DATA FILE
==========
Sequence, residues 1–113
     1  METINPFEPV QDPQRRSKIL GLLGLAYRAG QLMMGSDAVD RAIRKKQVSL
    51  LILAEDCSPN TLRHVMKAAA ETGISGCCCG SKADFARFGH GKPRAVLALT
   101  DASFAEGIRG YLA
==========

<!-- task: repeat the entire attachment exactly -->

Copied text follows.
Sequence, residues 1–113
     1  METINPFEPV QDPQRRSKIL GLLGLAYRAG QLMMGSDAVD RAIRKKQVSL
    51  LILAEDCSPN TLRHVMKAAA ETGISGCCCG SKADFARFGH GKPRAVLALT
   101  DASFAEGIRG YLA